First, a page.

Artists can sell music and merchandise with the free account, Bandcamp keeps 10% of physical sales and 15% of digital sales, which is reduced to 10% when annual sales reach $5,000. An artist's investment to sell music on Bandcamp is thus exactly zero euros. For artists, the platform provides a guide to the music business that is easy to understand.
Labels get with the label account the great good of a landing page that shows the complete label catalog - another huge context advance. The releases can also be home to the artists and from where they are linking back to the label page. This creates a comprehensible connection between the label and the artists in the first place.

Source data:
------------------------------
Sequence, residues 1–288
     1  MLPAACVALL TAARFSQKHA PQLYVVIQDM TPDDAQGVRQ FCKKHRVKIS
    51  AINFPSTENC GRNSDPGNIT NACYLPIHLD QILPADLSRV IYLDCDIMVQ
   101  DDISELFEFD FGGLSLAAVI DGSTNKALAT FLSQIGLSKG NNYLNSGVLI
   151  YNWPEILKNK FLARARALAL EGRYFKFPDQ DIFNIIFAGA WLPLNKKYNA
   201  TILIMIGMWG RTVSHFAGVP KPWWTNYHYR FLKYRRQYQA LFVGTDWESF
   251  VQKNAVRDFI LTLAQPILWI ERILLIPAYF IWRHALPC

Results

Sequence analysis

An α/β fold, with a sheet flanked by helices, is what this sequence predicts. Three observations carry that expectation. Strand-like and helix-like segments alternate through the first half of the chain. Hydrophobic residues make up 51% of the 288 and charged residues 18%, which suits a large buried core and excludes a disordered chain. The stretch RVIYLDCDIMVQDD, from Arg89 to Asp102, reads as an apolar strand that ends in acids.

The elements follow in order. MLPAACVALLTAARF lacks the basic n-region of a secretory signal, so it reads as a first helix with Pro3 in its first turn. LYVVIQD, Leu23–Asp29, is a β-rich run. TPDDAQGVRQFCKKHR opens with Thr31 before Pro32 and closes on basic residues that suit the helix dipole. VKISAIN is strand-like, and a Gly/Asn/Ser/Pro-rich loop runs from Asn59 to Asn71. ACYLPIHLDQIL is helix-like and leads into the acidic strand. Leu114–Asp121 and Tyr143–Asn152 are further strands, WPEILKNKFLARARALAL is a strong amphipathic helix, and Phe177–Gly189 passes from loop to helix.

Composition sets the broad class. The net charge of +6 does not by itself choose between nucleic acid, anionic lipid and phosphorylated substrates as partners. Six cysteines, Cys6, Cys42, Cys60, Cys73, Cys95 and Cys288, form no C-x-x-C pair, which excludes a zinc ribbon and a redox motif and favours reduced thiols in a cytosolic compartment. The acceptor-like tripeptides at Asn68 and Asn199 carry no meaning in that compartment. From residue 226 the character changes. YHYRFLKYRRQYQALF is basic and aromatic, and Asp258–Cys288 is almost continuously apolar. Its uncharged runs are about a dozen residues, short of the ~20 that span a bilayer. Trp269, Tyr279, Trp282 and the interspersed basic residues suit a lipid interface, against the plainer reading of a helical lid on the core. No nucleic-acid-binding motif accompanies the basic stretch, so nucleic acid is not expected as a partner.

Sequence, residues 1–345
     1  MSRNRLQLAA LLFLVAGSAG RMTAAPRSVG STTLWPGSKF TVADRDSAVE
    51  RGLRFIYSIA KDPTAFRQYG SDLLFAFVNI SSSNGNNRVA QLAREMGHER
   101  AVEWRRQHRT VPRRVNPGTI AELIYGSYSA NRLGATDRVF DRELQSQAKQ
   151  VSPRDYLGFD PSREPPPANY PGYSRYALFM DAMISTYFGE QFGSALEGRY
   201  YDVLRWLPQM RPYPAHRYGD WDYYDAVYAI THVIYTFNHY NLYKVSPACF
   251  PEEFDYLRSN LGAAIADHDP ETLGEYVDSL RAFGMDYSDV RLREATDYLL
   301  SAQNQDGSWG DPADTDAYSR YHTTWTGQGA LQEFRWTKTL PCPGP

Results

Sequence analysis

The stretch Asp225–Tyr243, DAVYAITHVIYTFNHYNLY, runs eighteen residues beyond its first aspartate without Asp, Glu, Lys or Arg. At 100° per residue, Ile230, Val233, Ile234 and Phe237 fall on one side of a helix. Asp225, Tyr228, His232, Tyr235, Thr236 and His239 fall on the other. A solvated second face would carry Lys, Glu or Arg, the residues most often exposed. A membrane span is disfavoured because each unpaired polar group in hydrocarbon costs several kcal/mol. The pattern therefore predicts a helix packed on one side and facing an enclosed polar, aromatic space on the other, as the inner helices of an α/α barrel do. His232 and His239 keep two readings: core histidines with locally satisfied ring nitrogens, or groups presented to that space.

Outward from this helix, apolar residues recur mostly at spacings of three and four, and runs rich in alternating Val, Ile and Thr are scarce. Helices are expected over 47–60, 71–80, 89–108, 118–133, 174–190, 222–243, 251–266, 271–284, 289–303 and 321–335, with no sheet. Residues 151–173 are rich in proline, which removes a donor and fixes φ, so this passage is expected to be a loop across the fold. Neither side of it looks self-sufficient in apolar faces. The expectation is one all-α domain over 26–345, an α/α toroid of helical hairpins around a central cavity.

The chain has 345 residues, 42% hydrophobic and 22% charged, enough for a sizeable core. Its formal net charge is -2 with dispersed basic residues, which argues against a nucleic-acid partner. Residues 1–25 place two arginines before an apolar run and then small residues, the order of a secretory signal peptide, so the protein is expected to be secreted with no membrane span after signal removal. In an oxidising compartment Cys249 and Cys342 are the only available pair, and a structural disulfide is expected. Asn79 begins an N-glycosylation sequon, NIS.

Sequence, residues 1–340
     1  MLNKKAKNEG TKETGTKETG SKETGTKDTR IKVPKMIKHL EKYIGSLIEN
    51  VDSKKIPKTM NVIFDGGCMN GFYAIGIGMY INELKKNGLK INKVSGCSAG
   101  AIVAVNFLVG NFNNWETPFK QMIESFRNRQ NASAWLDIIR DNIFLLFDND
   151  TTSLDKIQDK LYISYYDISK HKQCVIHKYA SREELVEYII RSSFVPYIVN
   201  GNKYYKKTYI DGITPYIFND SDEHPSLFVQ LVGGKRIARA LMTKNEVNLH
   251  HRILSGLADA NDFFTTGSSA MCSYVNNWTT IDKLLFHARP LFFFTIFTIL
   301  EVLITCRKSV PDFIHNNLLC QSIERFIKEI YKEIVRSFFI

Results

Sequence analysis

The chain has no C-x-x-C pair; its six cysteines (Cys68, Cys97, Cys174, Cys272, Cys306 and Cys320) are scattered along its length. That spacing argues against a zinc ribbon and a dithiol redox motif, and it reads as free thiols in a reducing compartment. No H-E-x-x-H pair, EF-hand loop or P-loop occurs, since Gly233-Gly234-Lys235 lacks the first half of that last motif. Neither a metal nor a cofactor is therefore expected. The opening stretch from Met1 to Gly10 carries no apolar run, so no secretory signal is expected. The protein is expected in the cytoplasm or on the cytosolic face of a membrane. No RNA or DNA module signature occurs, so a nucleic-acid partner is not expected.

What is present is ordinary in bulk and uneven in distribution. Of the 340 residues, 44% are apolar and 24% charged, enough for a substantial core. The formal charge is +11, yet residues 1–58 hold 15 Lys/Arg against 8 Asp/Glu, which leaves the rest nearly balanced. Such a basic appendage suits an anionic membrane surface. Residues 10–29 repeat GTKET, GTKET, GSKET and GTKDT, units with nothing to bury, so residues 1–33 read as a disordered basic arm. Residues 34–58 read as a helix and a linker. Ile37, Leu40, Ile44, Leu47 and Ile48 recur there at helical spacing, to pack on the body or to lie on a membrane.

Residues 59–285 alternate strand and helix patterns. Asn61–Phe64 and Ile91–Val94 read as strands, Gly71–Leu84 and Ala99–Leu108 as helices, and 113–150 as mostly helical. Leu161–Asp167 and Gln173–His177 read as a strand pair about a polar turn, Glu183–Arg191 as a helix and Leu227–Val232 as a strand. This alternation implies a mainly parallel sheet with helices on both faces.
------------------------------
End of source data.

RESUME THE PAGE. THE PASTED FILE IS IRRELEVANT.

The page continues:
None of this exists on Spotify and co. This simple presentation of a label catalog on major streaming platforms underscores their efforts to recontextualize music: user behavior is steered toward playlists and author credits are omitted. Without hacks or relationships, a label's musical context cannot be shown: On Spotify, labels have to tag themselves as artist (!) in songs so that the catalog can be shown in summary via an artist account. On Apple Music, there is no option by design - unless you have good relationships with Apple, as only a few labels do. Apple does not treat artists equally on Apple Music, as it does for developers in the App Store.
This kind of intransparency and inequality has never been an issue for me on Bandcamp after six years of label history. As an independent company, Bandcamp does not have to deal with conflicting interests like Spotify, where on the one hand major labels are stakeholders and thus receive special treatment and payouts, but on the other hand Spotify wants to expand with "podcasts" in order to minimize payout share.